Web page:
Please note: the MWG software is designed to be a true, open source project with “plug and play” software and extensions without the need for custom work – though custom work is certainly possible, and MWG makes a great base to start from.

However, if you are looking for someone to build your site for you, I suggest that you look into the Butterfly Software Developers Network, where many website designers are paying for the privilege of soliciting your business.

What we’re offering is a little different – and complimentary – in terms of support and development than what you’ll find with the official developers network.

First, the Marketing Website Generator, while based on the Butterfly Software, is a different product, and as I hope you’ll agree, much improved.

Second, our forum and bug tracker is open to the public – meaning everyone gets to participate, though we do offer paid support plans via a private forum and help desk for those who don’t want to wade through forums to get their problems resolved.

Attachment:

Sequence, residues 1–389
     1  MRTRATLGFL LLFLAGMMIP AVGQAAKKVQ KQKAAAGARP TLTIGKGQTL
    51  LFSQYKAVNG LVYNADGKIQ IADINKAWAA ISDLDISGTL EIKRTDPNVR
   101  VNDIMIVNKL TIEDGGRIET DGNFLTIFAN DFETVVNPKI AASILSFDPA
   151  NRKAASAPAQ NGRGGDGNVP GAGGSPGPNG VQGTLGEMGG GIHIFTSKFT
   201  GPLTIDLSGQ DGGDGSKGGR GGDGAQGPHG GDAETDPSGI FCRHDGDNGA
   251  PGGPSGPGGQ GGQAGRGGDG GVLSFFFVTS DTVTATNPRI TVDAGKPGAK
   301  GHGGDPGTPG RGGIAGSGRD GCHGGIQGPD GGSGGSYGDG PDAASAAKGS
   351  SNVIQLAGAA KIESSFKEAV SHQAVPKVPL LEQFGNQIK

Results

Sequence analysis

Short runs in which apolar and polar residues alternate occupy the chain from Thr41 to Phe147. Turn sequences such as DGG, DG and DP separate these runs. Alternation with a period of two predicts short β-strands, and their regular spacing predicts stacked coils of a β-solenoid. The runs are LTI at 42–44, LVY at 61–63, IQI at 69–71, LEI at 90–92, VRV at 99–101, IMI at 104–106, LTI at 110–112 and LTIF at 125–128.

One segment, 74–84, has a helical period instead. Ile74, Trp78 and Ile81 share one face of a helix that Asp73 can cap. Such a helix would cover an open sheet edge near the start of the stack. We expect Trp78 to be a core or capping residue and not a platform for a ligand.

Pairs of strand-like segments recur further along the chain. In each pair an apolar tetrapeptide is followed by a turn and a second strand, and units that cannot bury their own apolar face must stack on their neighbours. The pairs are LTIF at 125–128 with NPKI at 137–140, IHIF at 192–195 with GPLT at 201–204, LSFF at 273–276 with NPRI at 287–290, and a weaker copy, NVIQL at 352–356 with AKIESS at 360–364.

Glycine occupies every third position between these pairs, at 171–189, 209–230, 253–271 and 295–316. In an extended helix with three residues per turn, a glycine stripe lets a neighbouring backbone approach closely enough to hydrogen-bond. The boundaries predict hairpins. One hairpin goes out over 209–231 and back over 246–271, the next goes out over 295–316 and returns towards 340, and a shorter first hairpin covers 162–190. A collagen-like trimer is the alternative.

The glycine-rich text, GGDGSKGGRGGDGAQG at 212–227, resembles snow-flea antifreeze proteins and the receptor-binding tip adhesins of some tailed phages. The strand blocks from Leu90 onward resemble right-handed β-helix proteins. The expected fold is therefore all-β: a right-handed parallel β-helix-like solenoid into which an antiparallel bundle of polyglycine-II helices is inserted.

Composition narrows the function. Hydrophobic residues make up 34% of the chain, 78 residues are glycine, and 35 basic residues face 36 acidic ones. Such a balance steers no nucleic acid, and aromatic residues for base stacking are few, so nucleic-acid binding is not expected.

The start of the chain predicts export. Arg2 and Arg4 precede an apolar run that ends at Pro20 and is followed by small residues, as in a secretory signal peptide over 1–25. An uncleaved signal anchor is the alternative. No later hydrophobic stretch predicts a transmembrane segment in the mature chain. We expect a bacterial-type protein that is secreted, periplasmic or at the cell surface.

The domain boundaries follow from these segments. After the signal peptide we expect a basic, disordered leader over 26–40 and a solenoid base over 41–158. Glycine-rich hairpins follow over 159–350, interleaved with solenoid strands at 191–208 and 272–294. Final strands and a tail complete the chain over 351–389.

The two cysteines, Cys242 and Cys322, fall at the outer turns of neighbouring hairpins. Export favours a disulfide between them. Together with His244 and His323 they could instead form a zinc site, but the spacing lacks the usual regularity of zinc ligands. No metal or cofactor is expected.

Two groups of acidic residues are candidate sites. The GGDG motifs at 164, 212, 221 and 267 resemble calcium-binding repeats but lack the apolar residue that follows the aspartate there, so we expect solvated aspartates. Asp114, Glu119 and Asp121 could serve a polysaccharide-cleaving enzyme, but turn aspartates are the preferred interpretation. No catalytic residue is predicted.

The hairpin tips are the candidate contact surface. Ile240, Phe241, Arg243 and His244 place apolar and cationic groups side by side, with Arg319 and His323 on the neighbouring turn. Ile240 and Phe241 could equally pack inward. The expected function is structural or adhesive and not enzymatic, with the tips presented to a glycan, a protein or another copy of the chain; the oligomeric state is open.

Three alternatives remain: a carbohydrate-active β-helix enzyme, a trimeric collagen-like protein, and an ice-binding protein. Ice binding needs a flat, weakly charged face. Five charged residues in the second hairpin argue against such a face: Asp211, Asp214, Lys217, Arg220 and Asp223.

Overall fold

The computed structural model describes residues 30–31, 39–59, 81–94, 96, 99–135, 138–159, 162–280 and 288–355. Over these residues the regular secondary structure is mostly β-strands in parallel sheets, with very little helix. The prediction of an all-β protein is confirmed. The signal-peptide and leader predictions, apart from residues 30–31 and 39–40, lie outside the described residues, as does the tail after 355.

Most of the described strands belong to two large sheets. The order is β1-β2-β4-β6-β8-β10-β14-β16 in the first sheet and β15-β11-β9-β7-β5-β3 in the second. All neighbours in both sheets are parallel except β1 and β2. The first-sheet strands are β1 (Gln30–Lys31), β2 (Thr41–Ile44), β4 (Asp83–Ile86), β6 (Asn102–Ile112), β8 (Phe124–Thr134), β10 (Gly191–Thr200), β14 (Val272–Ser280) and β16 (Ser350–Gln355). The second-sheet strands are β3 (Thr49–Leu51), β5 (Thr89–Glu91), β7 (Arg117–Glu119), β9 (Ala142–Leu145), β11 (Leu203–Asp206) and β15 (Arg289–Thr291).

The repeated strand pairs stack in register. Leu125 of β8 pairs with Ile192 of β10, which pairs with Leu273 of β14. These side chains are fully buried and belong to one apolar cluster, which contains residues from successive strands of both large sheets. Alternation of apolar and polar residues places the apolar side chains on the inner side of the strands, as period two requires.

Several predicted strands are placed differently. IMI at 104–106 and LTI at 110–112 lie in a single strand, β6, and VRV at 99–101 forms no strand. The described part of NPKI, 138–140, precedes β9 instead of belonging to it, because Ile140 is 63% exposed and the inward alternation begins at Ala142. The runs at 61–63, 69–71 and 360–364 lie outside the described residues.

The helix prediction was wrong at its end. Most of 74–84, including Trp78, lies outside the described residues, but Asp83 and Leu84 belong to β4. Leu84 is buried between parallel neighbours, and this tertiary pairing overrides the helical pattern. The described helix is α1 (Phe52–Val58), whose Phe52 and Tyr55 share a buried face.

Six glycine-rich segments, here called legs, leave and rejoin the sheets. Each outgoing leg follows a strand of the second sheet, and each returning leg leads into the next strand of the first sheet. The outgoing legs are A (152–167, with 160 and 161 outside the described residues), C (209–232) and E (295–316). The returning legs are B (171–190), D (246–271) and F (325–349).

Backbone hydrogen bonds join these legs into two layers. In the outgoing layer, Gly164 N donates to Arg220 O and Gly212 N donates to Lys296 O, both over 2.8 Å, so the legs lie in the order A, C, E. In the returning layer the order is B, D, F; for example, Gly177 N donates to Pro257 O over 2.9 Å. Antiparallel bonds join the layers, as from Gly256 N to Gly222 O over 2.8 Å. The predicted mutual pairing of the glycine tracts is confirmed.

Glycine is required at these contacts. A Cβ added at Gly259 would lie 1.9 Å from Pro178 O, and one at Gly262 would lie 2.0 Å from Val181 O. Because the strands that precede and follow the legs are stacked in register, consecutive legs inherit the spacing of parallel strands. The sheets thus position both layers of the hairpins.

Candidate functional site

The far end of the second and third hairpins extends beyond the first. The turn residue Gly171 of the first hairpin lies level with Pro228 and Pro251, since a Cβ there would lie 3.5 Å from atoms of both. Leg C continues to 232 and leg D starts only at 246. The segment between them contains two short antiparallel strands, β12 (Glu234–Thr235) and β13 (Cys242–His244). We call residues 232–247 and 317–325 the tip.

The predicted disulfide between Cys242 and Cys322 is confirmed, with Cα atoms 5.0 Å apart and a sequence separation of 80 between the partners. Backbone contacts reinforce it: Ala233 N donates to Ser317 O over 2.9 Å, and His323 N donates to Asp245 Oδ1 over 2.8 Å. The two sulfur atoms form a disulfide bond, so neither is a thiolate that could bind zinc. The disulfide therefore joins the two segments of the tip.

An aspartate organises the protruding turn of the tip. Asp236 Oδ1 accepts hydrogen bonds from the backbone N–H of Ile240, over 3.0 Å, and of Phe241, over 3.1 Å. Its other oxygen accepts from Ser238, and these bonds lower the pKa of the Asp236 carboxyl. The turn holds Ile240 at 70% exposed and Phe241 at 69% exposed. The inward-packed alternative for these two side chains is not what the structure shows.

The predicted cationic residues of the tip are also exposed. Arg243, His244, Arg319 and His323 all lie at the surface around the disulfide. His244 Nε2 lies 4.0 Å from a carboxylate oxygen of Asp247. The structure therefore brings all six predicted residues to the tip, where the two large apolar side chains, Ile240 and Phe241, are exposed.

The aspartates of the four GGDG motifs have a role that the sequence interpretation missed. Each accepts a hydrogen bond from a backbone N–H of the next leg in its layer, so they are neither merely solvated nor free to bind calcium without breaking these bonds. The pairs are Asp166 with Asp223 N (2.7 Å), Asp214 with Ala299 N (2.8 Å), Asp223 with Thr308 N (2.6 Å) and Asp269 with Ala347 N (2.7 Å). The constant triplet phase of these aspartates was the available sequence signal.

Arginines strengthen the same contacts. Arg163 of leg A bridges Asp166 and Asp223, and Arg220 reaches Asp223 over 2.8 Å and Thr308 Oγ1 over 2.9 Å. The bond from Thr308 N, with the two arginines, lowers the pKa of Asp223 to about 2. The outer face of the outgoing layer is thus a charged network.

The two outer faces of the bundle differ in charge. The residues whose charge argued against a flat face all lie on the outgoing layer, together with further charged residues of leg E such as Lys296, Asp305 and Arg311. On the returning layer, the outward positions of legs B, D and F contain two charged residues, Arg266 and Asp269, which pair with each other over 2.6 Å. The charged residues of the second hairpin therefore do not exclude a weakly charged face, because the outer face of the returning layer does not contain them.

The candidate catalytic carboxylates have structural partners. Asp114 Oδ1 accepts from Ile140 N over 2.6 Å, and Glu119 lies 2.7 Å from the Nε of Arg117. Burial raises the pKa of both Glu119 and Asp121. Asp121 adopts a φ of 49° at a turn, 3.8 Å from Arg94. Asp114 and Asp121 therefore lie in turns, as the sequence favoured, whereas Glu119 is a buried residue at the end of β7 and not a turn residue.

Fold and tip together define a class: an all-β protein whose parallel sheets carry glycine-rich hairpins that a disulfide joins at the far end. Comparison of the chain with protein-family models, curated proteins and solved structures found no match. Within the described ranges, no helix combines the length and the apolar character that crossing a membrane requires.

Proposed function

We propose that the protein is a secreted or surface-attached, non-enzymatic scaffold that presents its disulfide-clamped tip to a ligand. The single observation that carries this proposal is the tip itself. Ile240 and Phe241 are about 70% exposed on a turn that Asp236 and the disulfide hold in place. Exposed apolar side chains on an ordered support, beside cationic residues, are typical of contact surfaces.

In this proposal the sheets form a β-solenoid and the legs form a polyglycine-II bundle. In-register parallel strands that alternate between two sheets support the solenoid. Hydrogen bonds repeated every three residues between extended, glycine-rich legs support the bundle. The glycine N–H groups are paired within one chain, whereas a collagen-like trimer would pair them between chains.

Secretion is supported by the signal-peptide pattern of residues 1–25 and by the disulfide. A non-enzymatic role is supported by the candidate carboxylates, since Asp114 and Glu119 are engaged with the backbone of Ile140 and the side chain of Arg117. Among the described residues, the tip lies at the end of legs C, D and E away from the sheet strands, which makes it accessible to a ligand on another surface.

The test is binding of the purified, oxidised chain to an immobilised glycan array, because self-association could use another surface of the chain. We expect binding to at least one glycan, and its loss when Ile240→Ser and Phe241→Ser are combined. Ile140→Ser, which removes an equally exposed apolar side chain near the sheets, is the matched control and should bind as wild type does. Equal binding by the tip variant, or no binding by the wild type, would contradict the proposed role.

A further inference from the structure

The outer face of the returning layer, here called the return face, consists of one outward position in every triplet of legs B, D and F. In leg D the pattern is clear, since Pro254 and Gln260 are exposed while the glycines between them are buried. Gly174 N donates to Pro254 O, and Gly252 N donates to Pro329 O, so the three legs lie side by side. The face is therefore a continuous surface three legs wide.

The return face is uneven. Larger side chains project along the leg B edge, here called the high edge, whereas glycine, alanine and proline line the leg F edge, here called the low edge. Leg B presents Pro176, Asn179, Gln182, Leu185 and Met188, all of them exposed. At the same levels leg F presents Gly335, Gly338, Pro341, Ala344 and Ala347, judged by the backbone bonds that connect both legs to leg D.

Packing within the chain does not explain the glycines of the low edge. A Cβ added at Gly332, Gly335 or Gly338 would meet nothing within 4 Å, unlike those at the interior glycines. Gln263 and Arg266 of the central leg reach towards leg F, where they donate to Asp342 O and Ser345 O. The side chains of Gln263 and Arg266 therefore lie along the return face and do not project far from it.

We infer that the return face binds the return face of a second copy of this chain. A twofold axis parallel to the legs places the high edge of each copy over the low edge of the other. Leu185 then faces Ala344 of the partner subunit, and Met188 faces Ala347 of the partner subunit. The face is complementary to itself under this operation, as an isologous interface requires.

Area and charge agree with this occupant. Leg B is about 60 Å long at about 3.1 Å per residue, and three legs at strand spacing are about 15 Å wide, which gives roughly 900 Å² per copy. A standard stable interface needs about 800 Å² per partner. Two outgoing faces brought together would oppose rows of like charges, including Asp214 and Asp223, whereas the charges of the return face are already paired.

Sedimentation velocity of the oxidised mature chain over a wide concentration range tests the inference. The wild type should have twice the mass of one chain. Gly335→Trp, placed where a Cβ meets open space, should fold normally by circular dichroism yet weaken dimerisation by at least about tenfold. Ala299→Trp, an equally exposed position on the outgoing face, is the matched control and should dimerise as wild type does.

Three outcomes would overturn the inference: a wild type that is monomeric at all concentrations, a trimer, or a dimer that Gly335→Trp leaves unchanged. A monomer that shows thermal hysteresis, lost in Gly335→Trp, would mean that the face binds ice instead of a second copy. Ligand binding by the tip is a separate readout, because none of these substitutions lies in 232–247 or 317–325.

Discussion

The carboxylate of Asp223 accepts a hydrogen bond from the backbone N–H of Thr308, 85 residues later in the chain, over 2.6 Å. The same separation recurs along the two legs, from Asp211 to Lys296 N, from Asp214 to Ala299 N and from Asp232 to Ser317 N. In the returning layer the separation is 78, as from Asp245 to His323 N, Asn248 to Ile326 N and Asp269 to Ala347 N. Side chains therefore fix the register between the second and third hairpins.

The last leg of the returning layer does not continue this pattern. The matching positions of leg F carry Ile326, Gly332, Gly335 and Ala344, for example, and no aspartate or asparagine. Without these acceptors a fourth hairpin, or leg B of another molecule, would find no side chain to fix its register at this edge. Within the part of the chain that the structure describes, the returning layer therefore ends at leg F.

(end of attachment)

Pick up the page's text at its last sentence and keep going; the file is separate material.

Third, our system is focused on end-users, not developers. During the first 48 hours of code development after launch, we’ve already made it easier to install and use than the original.

If you are looking to have a turn-key system you can install and extend just you can with wordpress, then Marketing Website Generator may be right for you, and you can get it for free, right here: http://www.marketingwebsitegenerator.com While the core code is free, please do consider supporting the project by purchasing support.